Category Archives: Yvonne Delk

Lore and Forgetting: the Congress on Urban Ministry

Dr. Cornel West speaking at 1994 Congress

Dr. Cornel West speaking at 1994 Congress

Whenever I have the chance I burn through a quick hour in the file cabinet room here at SCUPE.  It’s amazing what one learns from the artifacts someone, at some point, decided should be saved.

Lately, I have been rifling through old files and photo albums over the course of the past few months uncovering a history of the Congress that has been, it seems, all but forgotten.  Over 34 years and (once March of 2011 is here) 16 gatherings is a lot of time to form your own lore.  SCUPE’s Congress on Urban Ministry certainly has compiled its fair share of lore but, for a large national event, I am also surprised about how well of a kept-secret it is.  Well, I think that should change.  It is time that this collaborative, inter-denominational, prophetic gathering gets its just dues.

1994 SCUPE Congress on Urban Ministry

Jim Forbes, Yvonne Delk, unknown, Dave Frenchak, Cecil Williams, And Mary Nelson at 1994 Congress

Over the course of the next couple weeks I’ll share some of the lore I’ve been able to uncover and perhaps we’ll get insight into how the 2011 Congress can continue to be an impact-full gathering as we address the violence in our cities, in the way we live together, and in the way we think.

Just today I stumbled across these goals that had been lifted up at past Congress gatherings.  Even though I haven’t seen this list before today it is my guess that I would have been able to guess some of these just from being involved in the visioning here at SCUPE and with the Co-chairs and through the collaborative planning process with the National Planning Committee.

Mission for SCUPE Congress on Urban MinistryThe Mission of the Congress on Urban Ministry:

  1. To inspire both new and experienced Urban Ministry practitioners, to celebrate their calls and accomplishments, and to challenge them spiritually and professionally.
  2. To teach and learn we will seek ways to create redemptive communities, release prophetic imagination, and engage in justice, reconciliation and restoration
  3. To teach and learn best Urban Ministry practices, to collaborate and envision breakthrough initiatives, and to study and dialogue about the deeper issues affecting communities.
  4. To network practitioners and national leaders for information exchange, for fellowship, and to sharpen the skills needed to transform communities.

The Role of Utopia in Vision

Yvonne Delk spoke passionately this morning at our SCUPE staff meeting about Haiti through the eyes of the three orphanages (1, 2, 3) she has been working with in recent years.  Through her visits (pre-earthquake) and education Rev. Delk has gained considerable insight into the history and struggle of the people of Haiti from colonialism to their over- throwing of French rule to the economic ostracism and divestment that has characterized the European response to the first free black nation in the Western Hemisphere and early herald of the post-colonial world.

Yvonne Delk at '06 Congress

Delk voiced the cry she directed towards God in the hours and days following the earthquake but then shifted her focus to the ways in which this was a disaster whose destructive magnitude was predicated largely by humankind.  The response of humankind now must be swift and immediate (and not rooted in the militarism that seems to have dominated the U.S. response so far) but also it must work to create instances of restorative justice that will repair and make amends for the history of abuses leveled at the people of Haiti.  The blood of the death toll rests not merely with the act of nature that was the earthquake but with every economic act that weakened the structure of Haiti buildings for the earthquake, weakened the infrastructure that would have cared for those injured by the earthquake, and the shrouded the nation in a deathly poverty before the earthquake.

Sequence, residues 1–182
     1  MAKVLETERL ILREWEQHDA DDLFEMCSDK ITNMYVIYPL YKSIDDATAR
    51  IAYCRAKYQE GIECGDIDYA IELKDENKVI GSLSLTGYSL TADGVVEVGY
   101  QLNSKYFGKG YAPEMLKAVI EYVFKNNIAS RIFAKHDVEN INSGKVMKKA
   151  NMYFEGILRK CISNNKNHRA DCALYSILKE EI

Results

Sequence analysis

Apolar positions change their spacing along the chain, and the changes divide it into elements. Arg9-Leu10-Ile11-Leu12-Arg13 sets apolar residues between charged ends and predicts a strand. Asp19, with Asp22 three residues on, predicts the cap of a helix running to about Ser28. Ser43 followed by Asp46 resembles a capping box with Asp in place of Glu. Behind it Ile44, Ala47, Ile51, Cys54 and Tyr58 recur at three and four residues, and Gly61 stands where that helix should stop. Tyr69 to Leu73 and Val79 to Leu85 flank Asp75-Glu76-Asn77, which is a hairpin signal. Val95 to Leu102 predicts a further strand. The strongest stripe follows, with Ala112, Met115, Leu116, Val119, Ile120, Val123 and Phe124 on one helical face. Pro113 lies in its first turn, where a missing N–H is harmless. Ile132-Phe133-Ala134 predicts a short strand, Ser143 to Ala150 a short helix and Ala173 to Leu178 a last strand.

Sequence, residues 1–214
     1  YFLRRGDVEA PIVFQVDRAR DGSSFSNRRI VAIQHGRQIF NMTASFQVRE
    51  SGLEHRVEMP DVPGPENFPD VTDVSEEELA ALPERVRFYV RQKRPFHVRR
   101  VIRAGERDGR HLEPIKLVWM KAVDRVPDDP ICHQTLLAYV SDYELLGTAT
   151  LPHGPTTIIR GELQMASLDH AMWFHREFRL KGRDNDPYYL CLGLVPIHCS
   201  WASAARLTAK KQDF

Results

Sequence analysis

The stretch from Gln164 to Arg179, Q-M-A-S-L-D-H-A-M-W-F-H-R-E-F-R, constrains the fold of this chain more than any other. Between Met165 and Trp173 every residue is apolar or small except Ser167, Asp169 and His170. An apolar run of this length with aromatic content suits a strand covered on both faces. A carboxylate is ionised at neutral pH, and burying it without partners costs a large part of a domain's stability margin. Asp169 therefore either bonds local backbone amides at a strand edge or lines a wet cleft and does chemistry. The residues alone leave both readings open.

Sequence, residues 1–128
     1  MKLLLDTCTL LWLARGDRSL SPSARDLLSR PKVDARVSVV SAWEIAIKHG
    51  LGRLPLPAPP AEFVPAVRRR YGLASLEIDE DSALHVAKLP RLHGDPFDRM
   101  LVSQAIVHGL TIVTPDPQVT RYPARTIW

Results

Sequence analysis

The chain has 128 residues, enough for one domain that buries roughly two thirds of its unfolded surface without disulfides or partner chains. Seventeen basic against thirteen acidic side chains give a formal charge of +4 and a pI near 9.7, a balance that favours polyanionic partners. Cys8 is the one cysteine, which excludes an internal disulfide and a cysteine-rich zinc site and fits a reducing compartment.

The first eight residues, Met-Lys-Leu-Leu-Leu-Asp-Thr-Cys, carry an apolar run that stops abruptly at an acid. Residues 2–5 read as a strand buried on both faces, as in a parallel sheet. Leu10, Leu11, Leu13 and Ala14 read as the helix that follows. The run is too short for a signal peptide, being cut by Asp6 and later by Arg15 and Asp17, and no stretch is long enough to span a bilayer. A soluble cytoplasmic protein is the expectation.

What then should be the world’s response?  We know it needs to be more/different than what has been done so far (consult Bill Quigley’s “Too Little Too Late for Haiti? Six Sobering Points”).

What if the world’s response to Haiti spurred a worldwide response of restorative justice that began to make amends for the centuries of colonialism, racism, and slavery that has stolen and debilitated entire nations of people?  What if this response did not wait for disasters of such horrible magnitude as the Haiti earthquake and did more than create merely momentary compassion?

My own utopian dreamer alarm bells are going off here but it’s important to remember the original purpose of utopian visions like that of Thomas More, Plato, and the bible’s Isaiah.  Konrad Raiser (former general secretary of the World Council of Churches) has pointed out that a true utopian vision has the power to reveal and break down false constructs of reality and then mobilizes us towards potential change.

What would a utopian response to the Haiti disaster look like?

It is only after engaging the vision that we can begin the work of tempering this vision with pragmatic concerns and blowing it open with creativity and prophetic imagination.  Only then we are truly free to ask (in the full sense of the word free):

How can the global citizenship work towards a global response that prevents this disaster from becoming what it is starting to become (which is a debacle)?  How can people collaborate towards creating this response and engaging the individual, community, organizational, faith- based, corporate, and governmental resources?


Another world is possible.  Another world is necessary.